Saltram’s library is a wonderful example of an evolving family collection. In 1780, the library moved from its former location (where the dining room now is) to its current spot. Anne Robinson wrote in 1796 that the shelves were enlarged ‘to make more room for books.
Book lovers today will no doubt sympathise with Anne’s need for more storage! In 1818, architect John Foulston remodelled the library, knocking together the previous music and eating room into one, single space. Where the old dividing wall had been, Foulston installed scagliola pillars.
As libraries became more popular, demand for library furniture that was both beautiful and useful also grew. Saltram has a few examples of this so-called ‘metamorphic’ furniture. This includes ‘Campbell’s Newly invented Library Steps’ which neatly packs away into a table. Likewise, a chair designed after Morgan and Standers of London, is a comfortable sit. Turned upside down, it suddenly becomes a set of steps - useful for reaching the highest books.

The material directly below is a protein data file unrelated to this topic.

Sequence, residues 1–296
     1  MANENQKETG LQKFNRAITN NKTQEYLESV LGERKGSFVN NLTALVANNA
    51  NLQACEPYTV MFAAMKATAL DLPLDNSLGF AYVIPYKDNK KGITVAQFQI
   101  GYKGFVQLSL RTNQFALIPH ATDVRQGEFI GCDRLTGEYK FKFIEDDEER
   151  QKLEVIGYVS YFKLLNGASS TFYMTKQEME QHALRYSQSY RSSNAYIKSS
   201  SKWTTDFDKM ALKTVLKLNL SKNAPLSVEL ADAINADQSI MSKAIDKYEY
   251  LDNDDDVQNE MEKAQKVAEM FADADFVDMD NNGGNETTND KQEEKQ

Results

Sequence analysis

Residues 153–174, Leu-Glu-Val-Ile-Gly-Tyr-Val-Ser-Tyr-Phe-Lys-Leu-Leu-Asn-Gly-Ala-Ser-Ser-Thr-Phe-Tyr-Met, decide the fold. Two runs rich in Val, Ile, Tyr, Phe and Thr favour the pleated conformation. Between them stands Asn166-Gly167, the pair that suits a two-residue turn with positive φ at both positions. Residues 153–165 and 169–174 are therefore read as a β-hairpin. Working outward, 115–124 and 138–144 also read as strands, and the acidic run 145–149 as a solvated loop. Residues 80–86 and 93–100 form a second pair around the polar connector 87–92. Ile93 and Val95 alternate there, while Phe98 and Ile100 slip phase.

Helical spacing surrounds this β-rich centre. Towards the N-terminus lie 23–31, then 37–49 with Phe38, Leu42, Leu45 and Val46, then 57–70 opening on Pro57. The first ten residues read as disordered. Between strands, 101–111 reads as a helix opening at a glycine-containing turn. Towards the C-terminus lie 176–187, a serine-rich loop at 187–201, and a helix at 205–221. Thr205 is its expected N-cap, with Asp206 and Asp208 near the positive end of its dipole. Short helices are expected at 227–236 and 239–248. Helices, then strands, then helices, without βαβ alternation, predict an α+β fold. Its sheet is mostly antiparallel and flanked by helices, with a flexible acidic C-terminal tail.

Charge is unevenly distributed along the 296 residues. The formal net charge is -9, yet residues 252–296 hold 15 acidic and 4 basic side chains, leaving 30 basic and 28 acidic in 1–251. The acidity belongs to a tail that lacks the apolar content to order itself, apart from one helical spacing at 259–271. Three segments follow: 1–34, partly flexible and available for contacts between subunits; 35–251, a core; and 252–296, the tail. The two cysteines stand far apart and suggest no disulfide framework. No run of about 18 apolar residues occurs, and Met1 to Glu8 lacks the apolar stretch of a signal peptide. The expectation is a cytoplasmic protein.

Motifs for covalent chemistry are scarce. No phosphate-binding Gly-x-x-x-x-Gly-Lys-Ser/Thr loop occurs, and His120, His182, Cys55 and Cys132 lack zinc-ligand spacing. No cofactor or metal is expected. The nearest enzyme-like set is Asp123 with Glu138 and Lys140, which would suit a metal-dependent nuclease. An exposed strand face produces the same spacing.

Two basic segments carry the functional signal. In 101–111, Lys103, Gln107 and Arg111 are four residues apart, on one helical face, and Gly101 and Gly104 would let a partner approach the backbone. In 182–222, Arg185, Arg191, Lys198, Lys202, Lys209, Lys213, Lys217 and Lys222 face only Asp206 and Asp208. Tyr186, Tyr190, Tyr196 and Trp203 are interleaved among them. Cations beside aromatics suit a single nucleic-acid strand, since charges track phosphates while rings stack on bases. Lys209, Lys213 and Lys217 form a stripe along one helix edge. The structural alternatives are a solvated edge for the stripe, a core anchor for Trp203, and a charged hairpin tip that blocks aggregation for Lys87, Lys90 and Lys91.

Nuremberg Chronicle - 1493
The oldest book in the library is a copy of the Nuremberg Chronicle. This was published in 1493 and tells the story of the history of the world. Unusually for its time, it contains numerous woodcut prints illustrations - around 1800 of them! Saltram’s copy originally belonged to a monastery in Bavaria. It came to Saltram at a time in the 19th century when such texts were being acquired to show the wealth and education of the collector.
Light relief – novels
Alongside such serious, historic texts, the library also has a lighter side. Novels were normally borrowed from libraries rather than purchased. The fact that Saltram has its own novel collection is really unusual. We know that members of the family borrowed them to read so perhaps Saltram acted as a sort of lending library to family and friends? When it was published in 1813, Jane Austen’s Pride and Prejudice proved as popular amongst the Parkers as it did wider society. A letter recalls how John Parker III thought that he resembled the book’s hero - Mr Darcy. Whilst a friend – Fanny Smith – apparently commented that the overbearing Mrs Bennet was very much like her own mother!